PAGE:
We should perhaps question why the Battlegroup Commander, with more experience and a commensurate, but arguably modest, increase in responsibility suddenly needs a whole load of staff to do stuff. The nature of the problems that the Battlegroup Commander deals with are just an aggregation of the problems that the Company Commanders will deal with. When an Armoured or Armoured Infantry Battlegroup Commander is conducting a quick attack (under pressure of time and possibly the enemy) they rely on their training, advice from the Battery Commander and some assessment and feeds from their ISTAR. The plan is their own and does not need a full Battlegroup staff involvement. Could they do without some of their staff?
Similarly, we should look at what the staff actually contribute to the planning process. For example, take the terrain brief that the BGE presents. I have nothing against BGEs but often it is a verbal brief of graphical information already on display and what could be gleaned from map study. Or it is statements drawn from the Staff Officers Handbook, which either most already know or, if they did not, could find out themselves. Across the staff, a great deal of time is also spent in the choreography of briefing. First the staff brief to all the members of the planning team so that the team can start planning, then they back-brief what they have found out to the other planning teams. It is very inclusive but perhaps not particularly efficient…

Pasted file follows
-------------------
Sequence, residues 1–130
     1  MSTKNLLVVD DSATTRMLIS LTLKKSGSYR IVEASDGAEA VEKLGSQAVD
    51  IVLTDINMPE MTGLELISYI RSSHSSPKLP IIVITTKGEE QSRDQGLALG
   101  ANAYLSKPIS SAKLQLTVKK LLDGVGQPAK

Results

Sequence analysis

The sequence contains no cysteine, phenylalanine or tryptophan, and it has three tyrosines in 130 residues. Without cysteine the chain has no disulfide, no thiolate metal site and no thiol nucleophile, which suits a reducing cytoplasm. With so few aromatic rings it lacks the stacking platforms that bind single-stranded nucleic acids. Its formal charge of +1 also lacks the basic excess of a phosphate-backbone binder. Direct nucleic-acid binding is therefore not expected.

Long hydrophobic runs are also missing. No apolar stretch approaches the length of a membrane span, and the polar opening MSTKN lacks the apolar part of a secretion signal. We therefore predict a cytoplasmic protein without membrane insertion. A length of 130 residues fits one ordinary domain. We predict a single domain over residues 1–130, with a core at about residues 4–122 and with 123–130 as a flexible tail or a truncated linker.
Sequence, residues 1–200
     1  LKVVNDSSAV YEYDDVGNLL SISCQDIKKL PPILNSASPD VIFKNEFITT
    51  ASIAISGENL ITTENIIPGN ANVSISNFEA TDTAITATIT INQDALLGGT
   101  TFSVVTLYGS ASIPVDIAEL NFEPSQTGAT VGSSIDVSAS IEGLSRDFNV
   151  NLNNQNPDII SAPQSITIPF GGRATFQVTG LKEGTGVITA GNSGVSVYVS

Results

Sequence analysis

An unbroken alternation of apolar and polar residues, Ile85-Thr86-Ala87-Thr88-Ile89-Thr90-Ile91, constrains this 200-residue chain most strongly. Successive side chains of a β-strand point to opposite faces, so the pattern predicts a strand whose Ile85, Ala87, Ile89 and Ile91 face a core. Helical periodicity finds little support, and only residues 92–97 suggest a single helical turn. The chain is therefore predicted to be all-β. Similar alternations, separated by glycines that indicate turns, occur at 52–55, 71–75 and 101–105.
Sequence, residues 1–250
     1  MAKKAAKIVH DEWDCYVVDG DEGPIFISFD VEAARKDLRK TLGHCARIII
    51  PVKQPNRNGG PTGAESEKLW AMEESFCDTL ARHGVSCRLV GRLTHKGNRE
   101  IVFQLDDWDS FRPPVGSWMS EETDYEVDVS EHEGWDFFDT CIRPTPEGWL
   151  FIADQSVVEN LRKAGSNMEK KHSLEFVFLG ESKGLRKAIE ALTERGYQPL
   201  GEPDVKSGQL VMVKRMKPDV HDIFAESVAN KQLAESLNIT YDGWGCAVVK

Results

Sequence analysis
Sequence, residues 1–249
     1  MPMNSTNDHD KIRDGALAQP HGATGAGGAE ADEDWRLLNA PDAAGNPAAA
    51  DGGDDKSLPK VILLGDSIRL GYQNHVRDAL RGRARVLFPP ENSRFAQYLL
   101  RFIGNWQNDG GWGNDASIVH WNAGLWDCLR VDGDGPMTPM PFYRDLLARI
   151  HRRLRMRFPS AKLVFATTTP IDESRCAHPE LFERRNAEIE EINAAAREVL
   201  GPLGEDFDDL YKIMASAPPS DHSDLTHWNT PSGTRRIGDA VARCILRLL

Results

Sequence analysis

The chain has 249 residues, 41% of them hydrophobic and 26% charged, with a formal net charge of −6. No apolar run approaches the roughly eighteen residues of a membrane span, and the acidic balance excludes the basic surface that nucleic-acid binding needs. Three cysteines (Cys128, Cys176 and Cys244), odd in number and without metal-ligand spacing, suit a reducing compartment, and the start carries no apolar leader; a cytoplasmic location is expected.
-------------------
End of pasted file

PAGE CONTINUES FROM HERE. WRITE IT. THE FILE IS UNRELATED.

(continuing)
Often an outsider provides the best insight. When conducting some consultancy work that looked at the Strike Concept the ex-RAF chinook pilot I worked with couldn’t understand why the Battlegroup Commander suddenly left the planning process (after Question 3) and then reappeared later to see what his minions had produced. “Where is he going. Surely it’s his plan?” was his puzzled question. If you believe Montgomery and numerous Second World War commanders, commanders historically conducted the planning themselves and then the staff worked out the details.